I have no idea why this book was banned. The actual rape was the most least descriptive thing I have read in my whole life. The main character is depressed, but the writing is not actually depressing in tone. I'm guessing some loony parent just cracked up because they heard their child was reading a book about rape. I wonder if they had even bothered to find out anymore. Did they read the book? Sexual assault is something that needs to be talked about. If Melinda had read "Speak" would she have gone to that party? Would she have spoken out?

Overall I think this book was wonderful. It was a little open ended, but i like that in a book. I think it's ridiculous that this book was even challenged in the first place. This book should be made a compulsory reading for young people. I give this book 5/5 stars. I definitely recommend the 10th Anniversary Edition to readers who want full insight into the fan-base and author behind the story.

Banned Books Week
The Last Month of September Each Year.

A week to celebrate free speech amongst fellow readers and authors. To question why books are banned or challenged. And, to be a rebel and read a book that was deemed unsuitable for some silly reason or another.

Some people believe that some books contain unsuitable content. This can be content of a religious, political, sexual, violent or wrongful nature. Some books are banned to protect the innocence of children, whilst others are banned due to some small issue that someone who hasn't read the book has a problem with the book.

Teachers, Parents, Grandparents, Principals, Politicians, Librarians, Religious Leaders and Critics are the most common to people to challenge a book because of it's content.

In Schools, Libraries, States, Countries etc.

Read a banned book on Banned Books Week. Read Banned Books more frequently. Contact your national censorship or classification board to let them know which book you would like to save and why. Like the 'Banned Books Week' Facebook Page. Fighting for Banned books is fighting for freedom of speech. Fighting for real literature about real occurrences and real issues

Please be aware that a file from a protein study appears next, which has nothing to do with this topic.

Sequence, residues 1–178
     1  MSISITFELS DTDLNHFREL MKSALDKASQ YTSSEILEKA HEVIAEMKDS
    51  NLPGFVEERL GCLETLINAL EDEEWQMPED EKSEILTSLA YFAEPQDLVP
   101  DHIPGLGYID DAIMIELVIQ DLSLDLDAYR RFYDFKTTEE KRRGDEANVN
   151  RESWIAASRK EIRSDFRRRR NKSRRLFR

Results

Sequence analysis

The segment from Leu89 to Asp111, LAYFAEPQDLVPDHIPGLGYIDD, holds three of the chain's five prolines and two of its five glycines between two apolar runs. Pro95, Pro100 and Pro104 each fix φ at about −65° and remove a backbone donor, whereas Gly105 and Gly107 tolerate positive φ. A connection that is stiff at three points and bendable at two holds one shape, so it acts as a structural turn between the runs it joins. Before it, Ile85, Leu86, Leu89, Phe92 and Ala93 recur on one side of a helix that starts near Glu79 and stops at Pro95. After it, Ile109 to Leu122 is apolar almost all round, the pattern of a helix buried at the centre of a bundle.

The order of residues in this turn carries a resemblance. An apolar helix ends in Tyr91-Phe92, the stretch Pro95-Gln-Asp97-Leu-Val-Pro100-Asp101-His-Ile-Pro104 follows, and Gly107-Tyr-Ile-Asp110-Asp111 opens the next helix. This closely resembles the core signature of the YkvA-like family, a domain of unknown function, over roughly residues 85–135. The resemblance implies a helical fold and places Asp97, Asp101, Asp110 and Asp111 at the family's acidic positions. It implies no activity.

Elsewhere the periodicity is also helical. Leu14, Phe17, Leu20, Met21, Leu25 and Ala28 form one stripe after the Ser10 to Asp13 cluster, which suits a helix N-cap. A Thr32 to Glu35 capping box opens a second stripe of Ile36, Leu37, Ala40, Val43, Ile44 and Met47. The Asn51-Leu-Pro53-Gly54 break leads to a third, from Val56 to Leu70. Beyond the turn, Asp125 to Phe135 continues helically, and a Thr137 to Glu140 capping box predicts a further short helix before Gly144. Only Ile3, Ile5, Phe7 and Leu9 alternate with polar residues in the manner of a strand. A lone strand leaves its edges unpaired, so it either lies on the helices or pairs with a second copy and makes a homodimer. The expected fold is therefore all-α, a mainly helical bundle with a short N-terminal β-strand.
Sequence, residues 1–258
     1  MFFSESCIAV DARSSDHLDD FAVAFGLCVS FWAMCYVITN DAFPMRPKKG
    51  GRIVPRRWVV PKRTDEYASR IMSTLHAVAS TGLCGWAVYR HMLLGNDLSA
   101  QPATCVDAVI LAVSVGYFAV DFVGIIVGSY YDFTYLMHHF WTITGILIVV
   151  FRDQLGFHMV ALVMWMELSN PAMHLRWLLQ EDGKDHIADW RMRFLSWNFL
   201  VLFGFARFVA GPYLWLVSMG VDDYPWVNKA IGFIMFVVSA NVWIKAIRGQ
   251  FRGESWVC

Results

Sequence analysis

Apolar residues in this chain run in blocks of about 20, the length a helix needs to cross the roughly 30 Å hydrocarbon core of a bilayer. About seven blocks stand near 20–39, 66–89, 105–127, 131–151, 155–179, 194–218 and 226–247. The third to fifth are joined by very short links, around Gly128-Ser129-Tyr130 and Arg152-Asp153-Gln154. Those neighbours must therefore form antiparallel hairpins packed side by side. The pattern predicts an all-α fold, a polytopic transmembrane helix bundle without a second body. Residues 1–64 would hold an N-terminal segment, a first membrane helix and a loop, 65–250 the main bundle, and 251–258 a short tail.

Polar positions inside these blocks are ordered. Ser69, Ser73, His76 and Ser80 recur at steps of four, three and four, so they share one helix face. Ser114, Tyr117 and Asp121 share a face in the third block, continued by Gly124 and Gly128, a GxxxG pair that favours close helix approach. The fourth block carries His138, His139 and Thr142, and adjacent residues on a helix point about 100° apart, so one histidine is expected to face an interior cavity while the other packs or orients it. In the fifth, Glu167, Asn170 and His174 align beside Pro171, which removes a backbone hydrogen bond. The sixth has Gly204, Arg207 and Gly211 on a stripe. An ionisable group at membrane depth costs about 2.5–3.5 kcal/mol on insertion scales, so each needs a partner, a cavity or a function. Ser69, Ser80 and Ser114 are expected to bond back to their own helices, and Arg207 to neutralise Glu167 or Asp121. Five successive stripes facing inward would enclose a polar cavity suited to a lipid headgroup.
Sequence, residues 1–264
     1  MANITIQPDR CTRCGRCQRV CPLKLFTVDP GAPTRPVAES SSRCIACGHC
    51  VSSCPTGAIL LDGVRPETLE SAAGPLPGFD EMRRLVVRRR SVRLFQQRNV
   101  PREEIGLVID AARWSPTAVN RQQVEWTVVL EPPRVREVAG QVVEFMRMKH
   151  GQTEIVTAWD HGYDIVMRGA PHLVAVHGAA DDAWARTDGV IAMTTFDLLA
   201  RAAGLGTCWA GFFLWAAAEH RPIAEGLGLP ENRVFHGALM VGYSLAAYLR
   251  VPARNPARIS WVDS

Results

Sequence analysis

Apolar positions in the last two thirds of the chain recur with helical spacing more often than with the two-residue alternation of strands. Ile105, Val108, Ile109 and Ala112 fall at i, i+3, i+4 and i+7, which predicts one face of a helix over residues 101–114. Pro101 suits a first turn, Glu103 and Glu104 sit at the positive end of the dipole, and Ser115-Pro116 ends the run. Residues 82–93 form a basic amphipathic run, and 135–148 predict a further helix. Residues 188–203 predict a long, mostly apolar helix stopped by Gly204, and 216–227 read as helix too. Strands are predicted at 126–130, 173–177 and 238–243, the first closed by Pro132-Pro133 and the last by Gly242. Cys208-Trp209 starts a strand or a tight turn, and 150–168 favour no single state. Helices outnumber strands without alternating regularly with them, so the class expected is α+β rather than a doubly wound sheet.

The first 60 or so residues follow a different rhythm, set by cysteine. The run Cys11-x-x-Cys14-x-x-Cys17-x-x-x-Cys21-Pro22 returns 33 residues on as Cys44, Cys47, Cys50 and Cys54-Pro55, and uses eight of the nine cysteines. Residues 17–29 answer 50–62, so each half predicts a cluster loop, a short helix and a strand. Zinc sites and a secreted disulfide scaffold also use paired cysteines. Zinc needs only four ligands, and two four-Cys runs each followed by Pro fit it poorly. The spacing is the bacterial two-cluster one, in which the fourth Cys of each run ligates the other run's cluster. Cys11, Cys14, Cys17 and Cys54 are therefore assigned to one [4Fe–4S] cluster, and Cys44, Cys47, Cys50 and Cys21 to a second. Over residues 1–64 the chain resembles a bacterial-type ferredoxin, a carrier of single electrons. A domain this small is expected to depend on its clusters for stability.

-The Great Gatsby by F. Scott Fitzgerald
-The Bell Jar by Sylvia Plath
-Speak by Laurie Halse-Anderson

Your Favourite Blogger,


Anna said...

i read speak earlier this year after reading that horrible wall street journal article "darkness to visable" i'm not sure if it was mentioned in the article or in one of the responses. i got it out from the school library and LOVED it. it stayed on my mind, and i still think of it and remember reading it so clearly. i related to it, i thought it was going to be confronting, or graphic, but it was gentle. sad yes, but it had a fragile understanding quality.
i've suffered from depression, and the way she was fighting was so familiar, she was just battling something a lot bigger.
if anything this book helped me, reminded me that my voice doesn't have to be loud.
i loved the poem too :)

Natalievintagegirl said...

I think those big shot book banners need to realise that books are there to educate people, not harm them.

Anna said...

honestly, i'm yet to meet a person who's been harmed by a book.

Natalievintagegirl said...

It would only hurt someone if they were hit with it.

UK said...

This story is unbelievebly powerful and realistic. it is so true to life! Anderson makes you feel like your sharing this girls pain. I read the book four years ago and still remember it, it was just that good. I seroiusly recommend this novel to everybody. Especially parents for their daughters. Trust me it will make them think twice before going to parties with their friends or drinking.

Loraine said...

You have a nice review! Here's mine: Have a nice day!

__ said...

Hi, OK, on page 130 did the author really mean to spell "sculpture" as "scupture" or is that a typo. I see you say that the author uses "purposeful spelling mistakes" so I was wondering if this was one.

Natalie_vintage_girl said...

Honestly I cannot say. It has been so long since I wrote that review and I can not remember much about the spelling errors in the book. I can assume though that because the main character is thirteen years old and telling the story through her voice that at times she would have made errors on purpose the way that some teenagers do now. I actually think i remember some sort of rhyme-y sing-song type writing where she does in fact make errors. I cannot say for certain what is a typo and what isn't, because it had been so long since I read it. I find that even some editions of my favourite classics have typos. Human error is sometimes unavoidable and I don't think that makes this novel any less remarkable.